Religion, the State and Our Mental Health

Religion, the State and Our Mental Health

By Hwaa Irfan
Revised 08-09-10‎

According to WHO in 2002, depressive disorders were the fourth leading ‎cause of ill health and disability amongst adults worldwide. By 2020, it is ‎expected that mental health disorders will represent the world’s biggest health ‎problem. ‎

The spread of urbanization has been viewed as a major contributory factor ‎that although increases opportunities for many also increases the pace of ‎living and individualism. Contrary, the pressure to assimilate can be a ‎daunting factor as an immigrant even though waves of immigration over ‎decades have enriched Western lives and cultures, which increasingly fails to ‎provide a valid meaning of life for its own citizens. In the process it is not only ‎many members of the immigrant population that become vulnerable, but also ‎many indigenous people as well. Their unique contributions no matter how ‎small becomes devalued and sidelined, and the crisis of modern day living ‎becomes overwhelming. ‎

Where religion once offered order and some semblance of tranquility in home ‎life, the outer world and an opportunity towards self-understanding and ‎growth, the “promises” of the outer world convey an illusive cloth of happiness ‎‎- ‘follow the piper that plays the sweetest tune’. ‎

For those who have worked in the booming British mental health industry ‎another story is told. A story that hi-lights the inadequacies of modern ‎psychiatry for both indigenous and non-indigenous alike. ‎

When British journalist Magnus Linklater read ‘A Memoir of Moods and ‎Madness’ by psychologist and manic depressive Kay Jamison, he discovered ‎that she had confronted a disease that has defied many including the experts ‎‎- remaining unreflected in the rhetoric of last years governmental White Paper ‎on Reforming the Mental Health Act in England. In fact, the gory historical ‎details of the British mental health industry up until today has done little to ‎explore the minds of the mentally unbalanced in more wholesome terms; still ‎strapped by fear of the unknown and embarrassed by the minds that are ‎losing their own the only desire is to “fit” people into the social remits of a ‎secular world. This form of unrecognized violence, places control at the helm ‎repressing the soul through questionable drug therapies, other forms of ‎treatment and the judicial system. ‎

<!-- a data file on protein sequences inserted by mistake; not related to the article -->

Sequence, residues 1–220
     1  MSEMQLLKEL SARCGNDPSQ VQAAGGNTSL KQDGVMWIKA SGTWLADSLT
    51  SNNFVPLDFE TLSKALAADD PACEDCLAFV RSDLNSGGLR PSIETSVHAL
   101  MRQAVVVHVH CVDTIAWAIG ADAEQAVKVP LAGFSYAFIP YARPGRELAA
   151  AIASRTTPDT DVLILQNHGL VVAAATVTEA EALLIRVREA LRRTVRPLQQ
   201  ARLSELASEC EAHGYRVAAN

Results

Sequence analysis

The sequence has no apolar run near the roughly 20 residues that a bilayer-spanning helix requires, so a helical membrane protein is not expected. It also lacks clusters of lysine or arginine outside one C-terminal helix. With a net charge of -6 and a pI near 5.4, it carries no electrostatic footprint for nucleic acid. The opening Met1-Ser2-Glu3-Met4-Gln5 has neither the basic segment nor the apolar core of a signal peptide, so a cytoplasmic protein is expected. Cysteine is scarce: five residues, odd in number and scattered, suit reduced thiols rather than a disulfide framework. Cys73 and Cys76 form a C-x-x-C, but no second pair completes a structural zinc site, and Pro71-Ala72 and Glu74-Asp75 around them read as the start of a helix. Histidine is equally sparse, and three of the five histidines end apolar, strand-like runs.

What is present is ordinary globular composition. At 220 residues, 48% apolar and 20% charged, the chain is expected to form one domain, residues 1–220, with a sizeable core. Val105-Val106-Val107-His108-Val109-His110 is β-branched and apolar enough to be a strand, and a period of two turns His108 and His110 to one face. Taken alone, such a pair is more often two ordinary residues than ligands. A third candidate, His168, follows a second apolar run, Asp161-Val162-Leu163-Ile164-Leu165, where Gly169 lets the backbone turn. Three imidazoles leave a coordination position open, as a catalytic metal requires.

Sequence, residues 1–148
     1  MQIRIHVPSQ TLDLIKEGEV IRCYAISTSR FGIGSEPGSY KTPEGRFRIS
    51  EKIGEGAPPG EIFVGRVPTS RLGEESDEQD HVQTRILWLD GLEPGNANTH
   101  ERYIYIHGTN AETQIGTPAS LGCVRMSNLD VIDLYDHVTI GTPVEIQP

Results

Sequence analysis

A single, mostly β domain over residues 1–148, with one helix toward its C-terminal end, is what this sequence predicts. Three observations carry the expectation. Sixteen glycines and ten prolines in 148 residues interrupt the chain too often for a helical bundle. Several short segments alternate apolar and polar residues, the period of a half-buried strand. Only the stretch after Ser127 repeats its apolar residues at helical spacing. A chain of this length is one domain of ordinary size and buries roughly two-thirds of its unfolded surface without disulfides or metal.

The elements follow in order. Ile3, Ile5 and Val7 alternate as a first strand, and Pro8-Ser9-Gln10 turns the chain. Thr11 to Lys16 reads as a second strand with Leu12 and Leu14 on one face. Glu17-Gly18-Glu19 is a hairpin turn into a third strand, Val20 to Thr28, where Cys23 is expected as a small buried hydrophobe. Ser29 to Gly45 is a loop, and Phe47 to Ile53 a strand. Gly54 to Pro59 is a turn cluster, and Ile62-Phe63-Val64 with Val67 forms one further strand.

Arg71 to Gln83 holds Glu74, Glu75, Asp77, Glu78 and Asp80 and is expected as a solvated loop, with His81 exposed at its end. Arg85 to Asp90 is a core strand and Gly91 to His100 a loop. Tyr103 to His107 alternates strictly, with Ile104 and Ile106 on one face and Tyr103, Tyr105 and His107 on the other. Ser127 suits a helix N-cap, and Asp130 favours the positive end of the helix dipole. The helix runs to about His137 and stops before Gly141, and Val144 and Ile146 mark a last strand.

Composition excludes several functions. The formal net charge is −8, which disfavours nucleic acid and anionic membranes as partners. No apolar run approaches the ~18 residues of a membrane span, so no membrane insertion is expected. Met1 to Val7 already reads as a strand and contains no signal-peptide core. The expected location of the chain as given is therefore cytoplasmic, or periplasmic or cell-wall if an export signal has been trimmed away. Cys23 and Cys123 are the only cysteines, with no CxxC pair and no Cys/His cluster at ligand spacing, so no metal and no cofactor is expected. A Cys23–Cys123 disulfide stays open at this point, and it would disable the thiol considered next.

The Mentally Ill a Reflection of Society

As in some parts of Africa today, once under the Muslim Turks in medieval ‎Anatolia the ‘hospital villages’ of the Seldjuk Empire viewed the mentally ill as ‎people not to be feared and tortured as in the West, but as ill people who had ‎the choice to be admitted into the community under protection to be treated ‎free of charge exempt from income tax on any income they would make).

In today’s British National Health System, NHS U.K, Archie’s height was found to be ‎intimidating attracting defensive aggression from the insecurity complexes of ‎the apparently mentally well. Archie’s manic depression began at school, ‎
and he was eventually unable to cope with school life. ‎

Archie’s response on arrival at a mental hospital was to say the least ‎aggressive to be dragged inside kicking and screaming. From North to South ‎he has inhabited many hospitals and escaped many times. He has been ‎exposed to a torrent of treatments, but it was his inner recognition of his ‎rights, character and will that survived the day. It is these characters I have ‎found that are most likely to survive, and end up the least handicapped. ‎Unfortunately, for others the story is not the same especially where culture is ‎involved. Instead, culture becomes a tool with which to enslave the perceived ‎mentally ill patient even more, and in a frighteningly large amount of cases ‎culture is the only medium that the mental health authorities use as a ‎measure of being mentally ill. ‎